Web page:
power coefficient tells you how efficiently a turbine converts
the energy in the wind to electricity. Very simply, we just divide
the electrical power output by the wind energy input
to measure how technically efficient a wind turbine is.
In other words, we take the power
curve, and divide it by the area of the rotor to get the
power output per square metre of rotor area. For each wind speed,
we then divide the result by the amount of power
in the wind per square metre.
The graph shows a power coefficient curve
for a typical Danish wind turbine. Although the average efficiency
for these turbines is somewhat above 20 per cent, the efficiency
varies very much with the wind speed. (If there are small kinks
in the curve, they are usually due to measurement errors).
As you can see, the mechanical efficiency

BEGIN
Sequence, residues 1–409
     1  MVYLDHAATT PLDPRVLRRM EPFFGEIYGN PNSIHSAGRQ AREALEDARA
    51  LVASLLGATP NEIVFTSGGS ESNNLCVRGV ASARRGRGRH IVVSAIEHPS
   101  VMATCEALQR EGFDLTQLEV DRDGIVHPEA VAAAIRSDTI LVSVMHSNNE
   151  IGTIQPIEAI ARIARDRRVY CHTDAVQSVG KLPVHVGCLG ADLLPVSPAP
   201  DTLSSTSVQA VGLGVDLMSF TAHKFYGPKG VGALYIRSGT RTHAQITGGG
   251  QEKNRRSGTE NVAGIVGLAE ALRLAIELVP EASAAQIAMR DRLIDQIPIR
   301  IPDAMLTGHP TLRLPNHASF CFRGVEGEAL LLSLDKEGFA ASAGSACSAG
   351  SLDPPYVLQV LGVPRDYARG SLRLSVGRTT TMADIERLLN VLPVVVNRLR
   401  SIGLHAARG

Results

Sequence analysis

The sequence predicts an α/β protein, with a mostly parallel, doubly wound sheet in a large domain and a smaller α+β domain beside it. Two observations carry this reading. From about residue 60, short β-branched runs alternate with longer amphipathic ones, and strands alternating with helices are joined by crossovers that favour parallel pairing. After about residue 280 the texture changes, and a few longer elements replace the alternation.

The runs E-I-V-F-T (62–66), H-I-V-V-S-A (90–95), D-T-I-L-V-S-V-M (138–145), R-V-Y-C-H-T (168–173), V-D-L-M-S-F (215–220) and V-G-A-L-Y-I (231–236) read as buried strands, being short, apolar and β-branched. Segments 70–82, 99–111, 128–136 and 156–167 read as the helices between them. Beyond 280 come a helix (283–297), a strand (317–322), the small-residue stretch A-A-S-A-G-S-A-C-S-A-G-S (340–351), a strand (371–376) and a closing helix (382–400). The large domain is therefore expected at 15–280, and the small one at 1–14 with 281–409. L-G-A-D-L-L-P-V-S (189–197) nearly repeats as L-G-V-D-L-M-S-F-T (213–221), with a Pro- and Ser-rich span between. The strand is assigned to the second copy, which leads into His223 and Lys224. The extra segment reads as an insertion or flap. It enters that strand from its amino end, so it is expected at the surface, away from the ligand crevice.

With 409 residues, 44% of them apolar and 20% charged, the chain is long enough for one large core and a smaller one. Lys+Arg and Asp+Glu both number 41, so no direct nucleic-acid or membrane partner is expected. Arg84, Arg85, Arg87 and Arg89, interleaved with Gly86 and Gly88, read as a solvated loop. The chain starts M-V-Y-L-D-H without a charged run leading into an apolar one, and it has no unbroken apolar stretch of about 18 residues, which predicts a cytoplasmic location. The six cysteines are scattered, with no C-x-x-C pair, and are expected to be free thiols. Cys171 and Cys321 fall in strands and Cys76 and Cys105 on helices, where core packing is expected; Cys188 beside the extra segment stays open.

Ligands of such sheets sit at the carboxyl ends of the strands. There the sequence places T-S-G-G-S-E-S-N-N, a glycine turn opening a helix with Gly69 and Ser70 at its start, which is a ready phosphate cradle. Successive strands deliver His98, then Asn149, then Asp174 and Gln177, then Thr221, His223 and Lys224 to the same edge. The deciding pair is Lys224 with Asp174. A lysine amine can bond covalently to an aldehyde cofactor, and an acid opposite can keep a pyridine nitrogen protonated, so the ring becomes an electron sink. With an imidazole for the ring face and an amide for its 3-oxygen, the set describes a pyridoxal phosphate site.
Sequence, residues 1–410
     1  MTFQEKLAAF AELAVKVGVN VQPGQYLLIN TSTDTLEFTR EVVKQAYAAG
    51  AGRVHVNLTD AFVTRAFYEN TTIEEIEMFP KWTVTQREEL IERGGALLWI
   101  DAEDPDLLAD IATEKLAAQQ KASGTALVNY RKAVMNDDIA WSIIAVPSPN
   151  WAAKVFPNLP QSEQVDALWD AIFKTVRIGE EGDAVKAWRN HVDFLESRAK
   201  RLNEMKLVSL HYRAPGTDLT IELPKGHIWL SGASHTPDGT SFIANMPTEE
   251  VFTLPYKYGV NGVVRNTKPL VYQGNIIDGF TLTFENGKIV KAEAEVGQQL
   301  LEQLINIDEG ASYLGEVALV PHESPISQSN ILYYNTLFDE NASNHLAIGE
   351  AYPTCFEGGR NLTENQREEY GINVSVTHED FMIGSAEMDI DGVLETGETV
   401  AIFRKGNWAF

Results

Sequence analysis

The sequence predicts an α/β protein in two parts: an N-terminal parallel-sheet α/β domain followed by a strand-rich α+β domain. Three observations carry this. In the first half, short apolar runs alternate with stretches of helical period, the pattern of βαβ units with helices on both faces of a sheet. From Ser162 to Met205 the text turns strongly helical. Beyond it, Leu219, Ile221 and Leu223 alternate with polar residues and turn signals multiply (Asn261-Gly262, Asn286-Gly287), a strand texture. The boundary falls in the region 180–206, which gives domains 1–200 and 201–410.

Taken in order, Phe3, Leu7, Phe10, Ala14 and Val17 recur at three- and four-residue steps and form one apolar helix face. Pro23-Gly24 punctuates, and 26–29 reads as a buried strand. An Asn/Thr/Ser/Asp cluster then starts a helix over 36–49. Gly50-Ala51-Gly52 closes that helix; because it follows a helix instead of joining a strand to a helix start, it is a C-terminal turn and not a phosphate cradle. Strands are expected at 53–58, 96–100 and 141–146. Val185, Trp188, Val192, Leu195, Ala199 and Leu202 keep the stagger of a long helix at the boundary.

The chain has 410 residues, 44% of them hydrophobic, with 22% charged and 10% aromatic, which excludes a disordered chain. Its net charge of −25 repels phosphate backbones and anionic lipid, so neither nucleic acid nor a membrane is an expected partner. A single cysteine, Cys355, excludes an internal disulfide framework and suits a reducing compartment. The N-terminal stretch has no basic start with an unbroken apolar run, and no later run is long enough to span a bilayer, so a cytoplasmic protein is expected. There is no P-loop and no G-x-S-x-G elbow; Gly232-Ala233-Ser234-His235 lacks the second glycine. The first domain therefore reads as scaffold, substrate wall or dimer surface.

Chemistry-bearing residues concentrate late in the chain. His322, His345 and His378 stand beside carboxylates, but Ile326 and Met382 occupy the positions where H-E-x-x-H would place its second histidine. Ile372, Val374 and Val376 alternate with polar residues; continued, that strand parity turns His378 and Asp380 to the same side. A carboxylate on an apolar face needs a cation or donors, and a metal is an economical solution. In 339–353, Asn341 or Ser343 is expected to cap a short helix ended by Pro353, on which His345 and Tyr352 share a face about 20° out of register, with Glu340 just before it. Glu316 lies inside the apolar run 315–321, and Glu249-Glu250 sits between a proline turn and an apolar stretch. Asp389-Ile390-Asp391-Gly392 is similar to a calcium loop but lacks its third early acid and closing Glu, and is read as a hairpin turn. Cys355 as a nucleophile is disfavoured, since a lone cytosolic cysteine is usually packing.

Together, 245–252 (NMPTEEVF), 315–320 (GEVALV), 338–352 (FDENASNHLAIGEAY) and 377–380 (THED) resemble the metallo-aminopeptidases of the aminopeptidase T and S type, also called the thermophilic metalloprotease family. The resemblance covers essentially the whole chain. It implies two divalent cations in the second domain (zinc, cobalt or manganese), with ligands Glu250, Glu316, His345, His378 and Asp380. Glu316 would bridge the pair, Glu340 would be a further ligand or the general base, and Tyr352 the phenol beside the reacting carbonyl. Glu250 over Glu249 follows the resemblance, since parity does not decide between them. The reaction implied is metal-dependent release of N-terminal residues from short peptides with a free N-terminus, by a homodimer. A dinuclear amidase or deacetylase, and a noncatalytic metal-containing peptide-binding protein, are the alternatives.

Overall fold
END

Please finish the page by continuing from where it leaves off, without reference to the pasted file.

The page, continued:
of the turbine is largest (in this case 44 per cent) at a wind
speed around some 9 m/s. This is a deliberate choice by the engineers
who designed the turbine. At low wind speeds efficiency is not
so important, because there is not much energy to harvest. At
high wind speeds the turbine must waste any excess energy
above what the generator was designed for. Efficiency therefore
matters most in the region of wind speeds where most of the energy
is to be found.
Technical Efficiency is not Necessarily the Way Forward
It is not an aim in itself to have a high technical
efficiency of a wind turbine. What matters, really, is the cost
of pulling kilowatt hours out of the winds during the next 20
years. Since the fuel is free, there is no need to save it. The
optimal turbine is therefore not necessarily the turbine with
the highest energy output per year.
On the other hand, each square metre of rotor
area costs money, so it is of course necessary to harvest whatever
energy you can - as long as you can keep costs per kilowatt hour
down. We return to that subject later on the page about optimising